The Organization for Economic Co-operation and Development agrees the best solution is to compel companies to register and collect sales taxes in the countries where they make sales. Such measures are part of a larger OECD tax plan presented to G20 finance ministers in the summer of 2013, aimed at combatting tax-base erosion and profit-shifting.

In Canada, the notion of taxing digital sales from abroad gained traction with the government in the fall of 2013, under then-finance minister Jim Flaherty. But it burst onto the European Union’s agenda more than a decade earlier over fears that companies might move offshore to stay competitive.

Leading the European hue and cry was Freeserve, a major provider of dial-up Internet service in the early 2000s. The company, since swallowed up in a merger, had some two million British subscribers but faced competition from American-based AOL Inc.

“They were the kinds of guys who made noise publicly and pulled ears of politicians and said, if you don’t do something about [the inequity between domestic and foreign firms], we will pack up and leave,” said Arthur Kerrigan, a former team leader on this issue at the European Commission who now consults for KPMG International in Ireland.

The fear, then and now, has been that the burden of handling cross-border taxes might prompt some smaller businesses to decide that selling to a given country is no longer worth the effort.

Nevertheless, the EU changed its legislation in 2003, requiring firms to register and collect taxes on European sales, setting a template for the global digital economy. Large companies have set up systems to comply, which might be tweaked for use in Canada. And the new laws pulled in nearly €800-million ($1.12-billion) in tax revenue across Europe in the first year – a figure that has since grown in step with e-commerce.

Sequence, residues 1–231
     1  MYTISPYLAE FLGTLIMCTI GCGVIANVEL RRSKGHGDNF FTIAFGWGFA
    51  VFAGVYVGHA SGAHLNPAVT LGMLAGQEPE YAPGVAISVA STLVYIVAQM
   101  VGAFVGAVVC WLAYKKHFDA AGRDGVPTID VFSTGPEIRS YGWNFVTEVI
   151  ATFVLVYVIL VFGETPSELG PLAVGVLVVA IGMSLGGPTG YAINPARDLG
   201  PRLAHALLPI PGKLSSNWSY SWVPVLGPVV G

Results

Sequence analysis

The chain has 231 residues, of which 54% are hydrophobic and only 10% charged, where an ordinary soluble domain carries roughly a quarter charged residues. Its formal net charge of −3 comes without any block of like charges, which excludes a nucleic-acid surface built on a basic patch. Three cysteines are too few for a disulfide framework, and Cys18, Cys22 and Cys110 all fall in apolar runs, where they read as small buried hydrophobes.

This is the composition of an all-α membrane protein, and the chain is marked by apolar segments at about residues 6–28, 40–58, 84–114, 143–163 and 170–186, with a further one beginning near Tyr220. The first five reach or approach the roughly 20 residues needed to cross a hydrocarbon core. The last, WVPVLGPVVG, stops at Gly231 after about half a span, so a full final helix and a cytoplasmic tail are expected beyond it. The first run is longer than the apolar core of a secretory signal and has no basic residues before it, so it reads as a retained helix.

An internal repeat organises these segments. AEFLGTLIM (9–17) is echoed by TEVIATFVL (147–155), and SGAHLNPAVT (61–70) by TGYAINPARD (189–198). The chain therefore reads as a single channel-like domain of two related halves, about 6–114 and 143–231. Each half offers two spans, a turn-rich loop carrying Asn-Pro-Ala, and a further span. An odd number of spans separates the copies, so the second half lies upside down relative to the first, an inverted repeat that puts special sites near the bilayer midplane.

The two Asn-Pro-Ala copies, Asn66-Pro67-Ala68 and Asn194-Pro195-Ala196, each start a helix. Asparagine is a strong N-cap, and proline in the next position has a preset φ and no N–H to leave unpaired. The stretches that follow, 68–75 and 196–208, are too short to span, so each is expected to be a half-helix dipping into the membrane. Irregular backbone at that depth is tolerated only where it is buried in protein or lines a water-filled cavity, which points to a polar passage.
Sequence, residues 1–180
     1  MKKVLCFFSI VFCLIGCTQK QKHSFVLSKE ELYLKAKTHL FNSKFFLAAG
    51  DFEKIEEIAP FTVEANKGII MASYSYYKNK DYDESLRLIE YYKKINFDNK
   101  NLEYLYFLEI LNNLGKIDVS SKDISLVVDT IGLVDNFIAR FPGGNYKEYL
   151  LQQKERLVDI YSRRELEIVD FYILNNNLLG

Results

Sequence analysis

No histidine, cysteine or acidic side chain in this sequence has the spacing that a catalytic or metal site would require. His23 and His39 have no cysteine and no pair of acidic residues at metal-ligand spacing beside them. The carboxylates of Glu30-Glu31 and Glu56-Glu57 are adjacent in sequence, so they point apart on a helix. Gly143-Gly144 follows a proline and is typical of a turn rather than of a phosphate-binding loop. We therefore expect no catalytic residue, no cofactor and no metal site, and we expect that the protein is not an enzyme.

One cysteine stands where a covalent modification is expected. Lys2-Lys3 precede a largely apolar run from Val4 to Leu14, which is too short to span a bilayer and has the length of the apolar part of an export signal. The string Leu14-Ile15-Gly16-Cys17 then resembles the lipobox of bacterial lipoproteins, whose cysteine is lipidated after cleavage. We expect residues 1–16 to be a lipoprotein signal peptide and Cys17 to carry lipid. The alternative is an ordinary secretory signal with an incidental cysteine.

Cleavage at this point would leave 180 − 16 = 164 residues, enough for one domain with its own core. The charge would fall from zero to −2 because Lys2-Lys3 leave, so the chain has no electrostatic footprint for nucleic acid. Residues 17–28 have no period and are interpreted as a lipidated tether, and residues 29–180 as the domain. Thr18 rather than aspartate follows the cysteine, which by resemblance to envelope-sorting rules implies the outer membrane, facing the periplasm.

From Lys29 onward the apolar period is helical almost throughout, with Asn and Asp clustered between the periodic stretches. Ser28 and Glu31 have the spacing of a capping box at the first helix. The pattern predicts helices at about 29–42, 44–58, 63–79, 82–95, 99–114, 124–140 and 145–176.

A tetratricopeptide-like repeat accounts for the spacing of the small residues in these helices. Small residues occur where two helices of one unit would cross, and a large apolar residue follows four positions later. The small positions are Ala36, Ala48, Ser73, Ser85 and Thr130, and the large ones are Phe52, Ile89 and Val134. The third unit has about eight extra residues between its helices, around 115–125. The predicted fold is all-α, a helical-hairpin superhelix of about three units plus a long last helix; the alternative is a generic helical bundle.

Canada’s government is reviewing 16 submissions from “a wide variety of organizations,” only four of which agreed to make their input public, a Department of Finance spokesman said in an e-mail.

“Finance officials are continuing to examine the issue, collecting data and views from international partners, and exploring options. It would be premature to comment on possible revenue gains,” he said.

But experts project the rule changes under consideration, if adopted, could funnel tens of millions of dollars each year to various levels of government. The Alliance of Canadian Cinema, Television and Radio Artists (ACTRA) estimates in a submission that on Netflix sales alone, the federal government is foregoing $11.1-million in GST under current rules, while the provinces are missing out on another $15.6-million in sales tax.

Baker & Mackenzie lawyer Randall Schwartz said it is too soon to comment on the positions of his influential American clients. Spokespeople for Facebook, Netflix and Apple declined to comment. Amazon.com did not return requests for comment.

The Chartered Professional Accountants of Canada is also in favour of making it mandatory for foreign firms to tax digital products, favouring consistency among international regimes.

“The real risk for business is if countries go off in different directions,” said John Bain, chair of CPA Canada’s commodity tax committee and a partner at KPMG LLP. “It becomes very complicated, and then the risk goes up that you’re going to make errors or be subject to penalties.”

Still, Mr. Bain recognizes that the economic benefits of such a move could run up against the political realities of an election year. “Any rule is going to start adding [tax] to consumers’ purchases,” he said. “It’s a bit of a political tightrope [federal politicians] would have to walk.”